MONTREAL — A pilots’ strike at Air Canada caused major travel headaches Wednesday for guests and organizers at the Montreal World Film Festival and has executives at the Toronto Intl. Film Festival desperately hoping the dispute is resolved before the fest kicks off Sept. 10.
Late Tuesday, talks broke off between Air Canada, the country’s leading airline, and its 2,100 pilots, and, as expected, the pilots association immediately called a strike for the first time in the airline’s history.
Air Canada is the official airline of both the Montreal and Toronto film festivals and it handles a large number of the guests at both events. In addition, it is an important corporate sponsor of the two festivals. Air Canada is Montreal’s No. 1 sponsor and has been since the creation of the festival 22 years ago.
At the Montreal festival headquarters at the Wyndham Hotel on Wednesday, filmmakers, executives and journalists were desperately trying to make alternative travel arrangements, and most seemed resigned to the fact that their trip home was going to take much longer than expected.
A spokesman for the Montreal festival said the airline has given fest organizers assurances that all of their guests would be taken care of.
“Air Canada has an emergency plan for us,” he said. “They’re doing the best they can, and most of our guests will be able to arrive or leave on other airlines.”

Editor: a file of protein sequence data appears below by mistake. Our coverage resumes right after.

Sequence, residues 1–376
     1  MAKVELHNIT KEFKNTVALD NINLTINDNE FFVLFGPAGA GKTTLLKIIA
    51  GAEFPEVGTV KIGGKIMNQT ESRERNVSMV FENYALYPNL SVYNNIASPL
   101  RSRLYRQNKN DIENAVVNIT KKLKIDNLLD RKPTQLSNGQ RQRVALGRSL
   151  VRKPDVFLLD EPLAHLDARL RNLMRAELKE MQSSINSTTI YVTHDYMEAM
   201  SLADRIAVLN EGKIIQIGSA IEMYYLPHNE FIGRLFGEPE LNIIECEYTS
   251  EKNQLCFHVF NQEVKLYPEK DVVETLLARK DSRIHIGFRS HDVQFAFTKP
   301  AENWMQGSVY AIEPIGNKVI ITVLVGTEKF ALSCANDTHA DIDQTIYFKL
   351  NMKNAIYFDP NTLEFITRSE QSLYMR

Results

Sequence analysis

There have been no guest cancellations due to the Air Canada strike, according to festival organizers.
More than 1,000 guests heading to next week’s Toronto festival will be using Air Canada, roughly one-quarter of the industry and media reps heading to the event. The Toronto festival has had to deal with postal and city transit strikes in the past, but this would be the first airline labor dispute to disrupt the fest.
“Hopefully this is not a strike that is going to linger,” said Toronto Festival director Piers Handling. “(A week) seems like a long strike to me. My sense is that they’re not that far apart. Air Canada is a great sponsor, and they’ve assured us they’ll do everything they possibly can and, if they re-route people, it’ll probably work out OK. Hopefully our guests believe this is a must-attend event and they’ll do everything to be here.”
The pilots union and Air Canada management were still not talking at the end of the afternoon Wednesday. The main issues in the dispute are wages and working conditions for the pilots, with the pilots association asking for the workload to be reduced substantially.
Union representatives say the Air Canada pilots make from 30% to 50% less than pilots in Europe or the U.S.